The young driver walked into the Audi showroom and gazed at the gleaming new cars. They looked a million dollars, but unfortunately the 24-year old driver was unemployed and didn’t expect he’d qualify for a loan to buy a new model. He was wrong.
Within minutes, a salesman says he’s confident that a new Audi A1, worth more than £15,000, could be the young man’s. Spend £215 a month, for 48 months, and he can hit the road. And after a final payment of nearly £7000, the car is his for keeps.
Despite being unemployed, the process of securing a loan to own the car was predicted to be straightforward.
A salesman says not having a job won’t make any difference. He explains: “We drop it down to the finance company, they’ll do a credit check on you. It’s not a case of you not having a job today and having a job tomorrow. We just need to see what the finance company says.”
However, the young man was an undercover reporter for the Daily Mail. He was one of a team that visited 22 dealerships. And the findings were prompted the question: is it too easy to get a car loan? Continue reading
How did you buy your car? If you entered into a finance agreement to help afford the model of your dreams, experts are warning that you could be a victim of the nation’s next potential mis-selling scandal.
Failing to explain the terms and conditions of complicated loan products and the true cost of borrowing could mean thousands of British drivers have been mis-sold finance products. It’s similar to the way payment protection insurance (PPI) was scandalously mis-sold.
Those are the warnings from analysts who allege thousands of drivers on PCP (personal contract purchase) deals may have been sold the loans without having the terms properly explained to them. The fear is they may be unable to keep up payments in an economic slump.
The Financial Conduct Authority (FCA) is now investigating the industry. It fears less well-off customers may be paying too much for credit. But its findings won’t be reported until next year. In the meantime, what measures can drivers take to see if they might be affected? Continue reading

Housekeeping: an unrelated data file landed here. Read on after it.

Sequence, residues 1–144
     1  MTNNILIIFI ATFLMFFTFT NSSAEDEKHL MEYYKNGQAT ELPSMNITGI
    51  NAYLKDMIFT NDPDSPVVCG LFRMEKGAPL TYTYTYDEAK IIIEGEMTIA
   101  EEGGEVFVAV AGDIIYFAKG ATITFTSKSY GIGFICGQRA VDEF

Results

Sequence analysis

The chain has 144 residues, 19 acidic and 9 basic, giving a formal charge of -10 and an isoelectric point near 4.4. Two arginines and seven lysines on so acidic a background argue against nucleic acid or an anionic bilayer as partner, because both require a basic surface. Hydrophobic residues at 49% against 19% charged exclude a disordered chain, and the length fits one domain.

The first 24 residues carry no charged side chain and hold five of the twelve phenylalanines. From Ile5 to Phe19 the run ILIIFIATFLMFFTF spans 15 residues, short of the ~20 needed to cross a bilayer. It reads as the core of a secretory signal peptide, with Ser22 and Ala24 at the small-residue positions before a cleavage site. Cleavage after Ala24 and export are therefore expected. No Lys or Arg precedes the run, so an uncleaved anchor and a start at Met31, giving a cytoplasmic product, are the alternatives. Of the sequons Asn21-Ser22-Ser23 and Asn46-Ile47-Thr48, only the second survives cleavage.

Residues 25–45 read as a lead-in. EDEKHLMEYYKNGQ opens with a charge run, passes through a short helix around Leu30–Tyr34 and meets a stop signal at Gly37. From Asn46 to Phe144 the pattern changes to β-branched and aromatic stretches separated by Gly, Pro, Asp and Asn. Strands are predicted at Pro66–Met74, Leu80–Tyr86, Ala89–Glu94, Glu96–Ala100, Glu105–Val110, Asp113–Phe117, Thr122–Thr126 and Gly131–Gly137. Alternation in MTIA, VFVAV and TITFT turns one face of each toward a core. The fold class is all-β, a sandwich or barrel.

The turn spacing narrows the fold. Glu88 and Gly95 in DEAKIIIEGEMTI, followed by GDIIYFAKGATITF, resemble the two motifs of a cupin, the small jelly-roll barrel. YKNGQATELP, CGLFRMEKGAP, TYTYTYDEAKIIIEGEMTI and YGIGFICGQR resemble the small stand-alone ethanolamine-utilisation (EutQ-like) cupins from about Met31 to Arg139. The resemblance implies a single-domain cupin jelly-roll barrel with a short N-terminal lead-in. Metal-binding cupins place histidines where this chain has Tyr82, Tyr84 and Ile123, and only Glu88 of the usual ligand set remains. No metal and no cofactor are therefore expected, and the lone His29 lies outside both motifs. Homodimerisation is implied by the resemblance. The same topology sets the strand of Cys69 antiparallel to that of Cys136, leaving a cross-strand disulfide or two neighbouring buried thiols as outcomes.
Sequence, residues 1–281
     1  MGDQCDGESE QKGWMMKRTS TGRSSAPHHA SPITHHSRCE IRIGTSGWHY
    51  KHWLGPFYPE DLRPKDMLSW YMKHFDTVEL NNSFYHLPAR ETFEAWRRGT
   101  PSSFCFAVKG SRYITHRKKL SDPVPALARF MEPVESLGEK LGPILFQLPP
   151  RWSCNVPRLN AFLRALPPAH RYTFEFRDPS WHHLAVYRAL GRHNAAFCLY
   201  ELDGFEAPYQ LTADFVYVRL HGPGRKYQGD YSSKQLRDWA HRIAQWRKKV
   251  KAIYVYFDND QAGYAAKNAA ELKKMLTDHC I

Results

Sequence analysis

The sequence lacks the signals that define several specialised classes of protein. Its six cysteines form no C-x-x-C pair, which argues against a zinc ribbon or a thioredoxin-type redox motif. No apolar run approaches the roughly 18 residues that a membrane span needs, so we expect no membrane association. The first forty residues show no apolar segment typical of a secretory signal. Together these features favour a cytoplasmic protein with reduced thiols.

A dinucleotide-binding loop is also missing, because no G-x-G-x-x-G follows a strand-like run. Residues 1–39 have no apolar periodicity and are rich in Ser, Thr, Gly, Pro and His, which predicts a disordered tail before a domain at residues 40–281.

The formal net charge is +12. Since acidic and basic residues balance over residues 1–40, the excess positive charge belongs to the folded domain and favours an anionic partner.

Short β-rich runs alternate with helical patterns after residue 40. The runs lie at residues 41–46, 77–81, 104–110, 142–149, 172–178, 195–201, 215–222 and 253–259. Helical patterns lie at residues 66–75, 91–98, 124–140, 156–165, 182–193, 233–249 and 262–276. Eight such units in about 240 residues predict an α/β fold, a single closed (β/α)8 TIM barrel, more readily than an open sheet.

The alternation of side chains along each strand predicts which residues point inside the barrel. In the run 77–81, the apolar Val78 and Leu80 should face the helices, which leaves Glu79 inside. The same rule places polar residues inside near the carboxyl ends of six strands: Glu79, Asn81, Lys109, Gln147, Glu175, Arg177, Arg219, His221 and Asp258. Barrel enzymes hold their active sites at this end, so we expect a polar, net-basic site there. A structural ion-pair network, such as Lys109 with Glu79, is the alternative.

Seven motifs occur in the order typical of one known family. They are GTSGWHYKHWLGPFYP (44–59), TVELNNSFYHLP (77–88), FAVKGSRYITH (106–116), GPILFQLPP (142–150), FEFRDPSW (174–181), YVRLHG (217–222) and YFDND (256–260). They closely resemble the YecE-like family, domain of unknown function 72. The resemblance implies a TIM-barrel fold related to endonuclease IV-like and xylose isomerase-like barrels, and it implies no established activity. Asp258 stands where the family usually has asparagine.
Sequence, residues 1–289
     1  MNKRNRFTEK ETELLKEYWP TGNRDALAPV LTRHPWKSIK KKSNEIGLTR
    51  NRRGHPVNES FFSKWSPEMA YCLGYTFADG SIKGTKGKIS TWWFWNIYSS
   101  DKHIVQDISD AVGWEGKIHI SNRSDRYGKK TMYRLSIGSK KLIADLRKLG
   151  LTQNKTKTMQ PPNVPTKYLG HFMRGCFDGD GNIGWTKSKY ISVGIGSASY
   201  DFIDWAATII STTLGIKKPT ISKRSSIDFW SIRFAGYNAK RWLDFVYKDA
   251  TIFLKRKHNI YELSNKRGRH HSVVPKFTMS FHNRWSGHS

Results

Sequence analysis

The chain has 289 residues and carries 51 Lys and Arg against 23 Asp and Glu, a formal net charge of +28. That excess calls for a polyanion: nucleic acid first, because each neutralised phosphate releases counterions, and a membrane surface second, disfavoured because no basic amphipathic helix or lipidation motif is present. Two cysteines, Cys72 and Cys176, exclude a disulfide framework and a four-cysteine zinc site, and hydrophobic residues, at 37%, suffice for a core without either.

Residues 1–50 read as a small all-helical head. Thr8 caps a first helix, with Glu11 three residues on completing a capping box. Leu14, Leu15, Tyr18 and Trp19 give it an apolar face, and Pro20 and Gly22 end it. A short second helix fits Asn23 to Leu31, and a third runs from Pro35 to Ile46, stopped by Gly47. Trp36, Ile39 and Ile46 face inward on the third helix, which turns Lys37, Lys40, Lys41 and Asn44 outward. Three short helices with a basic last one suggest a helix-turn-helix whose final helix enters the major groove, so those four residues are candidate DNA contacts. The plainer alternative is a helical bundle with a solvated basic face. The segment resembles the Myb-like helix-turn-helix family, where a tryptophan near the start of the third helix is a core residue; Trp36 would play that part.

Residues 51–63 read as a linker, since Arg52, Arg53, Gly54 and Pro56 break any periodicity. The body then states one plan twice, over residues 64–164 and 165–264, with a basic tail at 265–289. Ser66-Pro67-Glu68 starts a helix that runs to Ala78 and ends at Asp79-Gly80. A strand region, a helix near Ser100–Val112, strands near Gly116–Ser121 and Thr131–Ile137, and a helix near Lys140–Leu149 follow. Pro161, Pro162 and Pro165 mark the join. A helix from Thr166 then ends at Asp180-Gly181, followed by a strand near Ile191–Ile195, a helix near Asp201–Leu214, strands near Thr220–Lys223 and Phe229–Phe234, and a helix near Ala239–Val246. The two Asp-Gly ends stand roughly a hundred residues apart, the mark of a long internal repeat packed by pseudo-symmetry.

The customer thinks he understands what the dealer’s saying but actually he could be about to buy something he doesn’t need
Finance confusion is leading drivers to feel as if they’ve been overcharged or mis-sold products when they buy a car. But that could be about to change.
Dealers selling financial packages are being encouraged to sign up to a new accreditation scheme. This will enable customers to tell instantly whether their dealer has any code of conduct to abide by when selling financial and insurance products. The aim is to stop dealers bamboozling car buyers with confusing jargon to sell them things they may not need.
What’s behind the changes?
Smashing this little fella or taking a loan? What’s the best way to finance a car?
Recent rises in new car sales have been fuelled by drivers using finance to buy the car of their dreams. But with so many different types of finance, many motorists are unsure which is best for their needs, and which will prove the most affordable. If you’re one of the majority of car buyers that’s happy to pay a monthly sum for their motoring rather than owning a car outright, it pays to do your homework and compare products, just as you would compare cars. Here we look at the main ways of financing a new car through the pros and cons of each.
The first six months of 2016 have seen a record number of drivers collect the keys to a shiny new car. Car finance has been driving this boom with more than 80 per cent of private buyers using credit to fund their purchase.
For buyers, using car finance is a simple way of enjoying a car they might not be able to own outright. For dealers and manufacturers, the explosion in the popularity of finance means increasing numbers of cars flowing out of showrooms.
However, many consumers don’t realise that it is possible to haggle over how much car finance costs. As we motor towards the September registration change, where around a fifth of the new cars sold this year are expected to leave dealerships, here are some simple steps car buyers can follow to get a better finance deal.
Do you want to end up owning the car?
Complaints about car finance increased in 2014, industry experts say (Picture © Financial Ombudsman Service)
As the number of new car sales continues to soar so the number of car finance complaints is increasing. September 2015 will mark the 42nd consecutive month of growth in the UK new car market. But with more than seven out of every 10 new cars bought on a PCP (Personal Contract Purchase), the number of people getting into financial difficulties is also set to rise.
The result is an increase in car finance complaints, the Financial Ombudsman Service (FOS) and Auto Trader claim. They are reporting an 18 per cent rise in complaints relating to Hire Purchase (HP) and PCPs, increasingly popular finance products, explained in this useful guide to car finance from the Money Advice Service. The arrival of the 65-plate registration this week will see 450,000 new cars leaving showrooms across the country. Around 328,000 of those will be bought on finance.